Monthly Archives: November 2008

Back in the saddle

It’s been a bit quiet because I was away on holiday for a week, up in the Pyrenees mountains, far (mentally if not physically) from internet connections and the world of work. I had a busy couple of days before I left, which included a breakfast meeting (I was one of many there!) with Robert Peston of the BBC and being on the judging panel for a journalism award for diversity issues. We had the architects in all day yesterday finding out what we want from our new office in Smith Square. We won’t be moving for years, so we/they have to think about making it relevant to tomorrow, not today. I admire what they do – if you’ve ever looked at my other blog, you’ll know this was something I got really interested in when I was in the US – how the design of buildings influences their use.

We have a nice event today – a model EU Council, where 16-18 year olds from schools across London and the South East take the roles of different Member States (and the Commission and Council Secretariat) to debate 3 issues – GMOs/food safety, immigration and climate change. I was out at two of the schools before I went on leave, talking them through what the Commission and Council Sec do and hopefully pointing them in the right direction to get the Commission’s position on things. I’ll head over there later – once I’ve done this interview with Russia Today (!!).

Possibly the worst thing about being in London is the commuting. Just having a 45 minute trip into work is enough of a shock to the system (it was about 15 in Brussels) but squeezing onto packed trainsadds insult to injury. Yesterday, though, Southern managed to plumb new depths. Balham has 4 platforms, 2 of which are unused. But the trains were stopping there yesterday, just no-one seemed to know which trains and when. So we’d all be standing on platform 2 waiting for the Victoria train and they’d announce that the next one would leave from platform 4, so down the stairs we all go, up the stairs ont he other side to find that the guy was blowing the whistle for the train to depart. Then they said that the next one would be from 4, so we waited there, then as it was arriving, oh no, sorry (acutally no-one said sorry as far as I can remember) it’s on platform 2… Twenty minutes it took me to get on the train, running from one platform to the other, missing the trains. Total nightmare. And of course there’s nothing you can do about it – that’s the train you have to take to get to work, and they know they can treat you like that and get away with it. Grrr…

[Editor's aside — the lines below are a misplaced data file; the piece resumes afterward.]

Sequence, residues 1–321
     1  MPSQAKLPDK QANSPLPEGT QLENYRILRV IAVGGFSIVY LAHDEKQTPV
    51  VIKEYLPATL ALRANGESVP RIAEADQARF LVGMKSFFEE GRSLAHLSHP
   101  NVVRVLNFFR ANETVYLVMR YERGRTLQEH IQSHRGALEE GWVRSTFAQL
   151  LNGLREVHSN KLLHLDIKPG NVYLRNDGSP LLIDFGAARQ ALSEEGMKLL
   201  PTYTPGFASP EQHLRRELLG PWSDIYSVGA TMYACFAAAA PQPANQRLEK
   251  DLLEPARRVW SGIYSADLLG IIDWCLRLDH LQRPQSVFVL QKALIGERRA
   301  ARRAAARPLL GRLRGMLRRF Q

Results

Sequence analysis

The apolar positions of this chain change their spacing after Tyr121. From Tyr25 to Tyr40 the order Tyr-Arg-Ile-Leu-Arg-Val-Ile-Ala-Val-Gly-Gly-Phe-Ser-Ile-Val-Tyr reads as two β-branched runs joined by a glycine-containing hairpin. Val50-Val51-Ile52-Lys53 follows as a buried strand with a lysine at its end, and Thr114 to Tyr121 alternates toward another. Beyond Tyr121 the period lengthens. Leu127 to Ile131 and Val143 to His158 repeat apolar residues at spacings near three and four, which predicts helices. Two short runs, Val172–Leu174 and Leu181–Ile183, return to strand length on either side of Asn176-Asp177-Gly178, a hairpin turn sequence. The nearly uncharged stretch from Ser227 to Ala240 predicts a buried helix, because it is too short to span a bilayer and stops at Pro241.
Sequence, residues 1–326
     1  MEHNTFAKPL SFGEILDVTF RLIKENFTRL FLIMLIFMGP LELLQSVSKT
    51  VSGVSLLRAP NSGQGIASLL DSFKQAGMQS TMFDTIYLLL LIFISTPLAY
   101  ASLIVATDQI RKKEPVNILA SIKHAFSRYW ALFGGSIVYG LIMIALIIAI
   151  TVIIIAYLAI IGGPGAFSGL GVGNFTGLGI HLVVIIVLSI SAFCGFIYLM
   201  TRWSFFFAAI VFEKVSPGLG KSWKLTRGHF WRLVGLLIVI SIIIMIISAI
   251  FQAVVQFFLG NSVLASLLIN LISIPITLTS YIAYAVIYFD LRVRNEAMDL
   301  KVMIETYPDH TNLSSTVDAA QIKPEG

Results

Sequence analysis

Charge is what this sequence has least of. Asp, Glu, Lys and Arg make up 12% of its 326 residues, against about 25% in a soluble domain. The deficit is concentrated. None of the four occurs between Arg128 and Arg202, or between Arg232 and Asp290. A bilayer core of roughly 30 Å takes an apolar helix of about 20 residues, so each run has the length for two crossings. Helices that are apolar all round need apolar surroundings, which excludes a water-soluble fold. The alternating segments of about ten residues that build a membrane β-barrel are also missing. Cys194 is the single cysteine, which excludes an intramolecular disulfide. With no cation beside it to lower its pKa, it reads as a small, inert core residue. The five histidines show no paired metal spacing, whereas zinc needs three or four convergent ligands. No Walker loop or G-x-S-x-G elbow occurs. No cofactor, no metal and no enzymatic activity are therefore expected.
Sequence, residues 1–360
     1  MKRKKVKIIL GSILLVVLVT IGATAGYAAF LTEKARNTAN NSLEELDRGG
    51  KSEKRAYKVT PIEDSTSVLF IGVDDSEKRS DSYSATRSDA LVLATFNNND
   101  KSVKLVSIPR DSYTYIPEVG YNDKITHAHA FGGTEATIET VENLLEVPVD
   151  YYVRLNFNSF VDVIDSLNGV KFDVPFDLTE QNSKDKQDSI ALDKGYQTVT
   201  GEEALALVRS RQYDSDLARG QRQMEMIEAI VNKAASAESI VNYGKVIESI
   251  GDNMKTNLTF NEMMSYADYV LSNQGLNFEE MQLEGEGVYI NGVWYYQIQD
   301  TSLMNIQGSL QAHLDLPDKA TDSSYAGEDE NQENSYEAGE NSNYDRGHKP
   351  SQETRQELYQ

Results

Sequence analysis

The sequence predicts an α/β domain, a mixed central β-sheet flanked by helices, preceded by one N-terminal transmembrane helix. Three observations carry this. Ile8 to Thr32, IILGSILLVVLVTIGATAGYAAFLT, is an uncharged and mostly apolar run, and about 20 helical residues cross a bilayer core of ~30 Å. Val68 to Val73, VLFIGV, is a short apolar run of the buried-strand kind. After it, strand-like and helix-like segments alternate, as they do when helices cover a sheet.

Update: you can see some footage of today’s Mock EU Council here.

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Calling all bloggers

Are you writing about European issues, or interested in doing so? The European Journalism Centre is running a competition to get 3 bloggers from each EU Member State to write during the European election campaign. Each participant will post at least once a month (February 1 – June 9, 2009) on the TH!NK ABOUT IT Elections 2009 blogsite. In February and March, any European-related topic is welcome and from April-June the theme is the European Elections 2009 (issues, candidates, parties, EP, national views on the elections). The entries will be assessed for journalistic quality and prizes will be given at the end of the campaign. If you’re interested in taking part, you can register on the think about it site.

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We are(n’t) scientists

The Commission has put out a survey about young people and science. There’s some pretty encouraging messages about optimism as to how science can improve things, but, particularly for the UK, some pretty scary ones about interest in science. The UK figures show that young Britons are among the least likely in Europe to consider studying science subjects. When asked if they were considering studying science subjects, Britons gave a probable or definite no to natural science (86%), engineering (76%), maths (76%) and social sciences/humanities (66%). This is really worrying for the UK, which considers itself a power-house of European science, a fact borne out by the numbers of European Research Council grant-winners that are based at UK universities, even if they are from elsewhere. But we can’t rely on foreign expertise to drive our innovation. Where are the scientists of the future going to come from? Where are the science teachers of the next generation going to come from? I suppose it’s linked to the story on Today yesterday (see under 7.42) about how children want to “be a celebrity” as a career choice, without necessarily having done something to be famous for. Things like X-Factor are one thing – at least the winners can do something, and if you look at Leona Lewis’ past you can see that she and her family made sacrifices for her to pursue her singing dream. But anyone from Big Brother? People famous because of their parent? Because of who they go out with? Doesn’t seem something to aspire to really.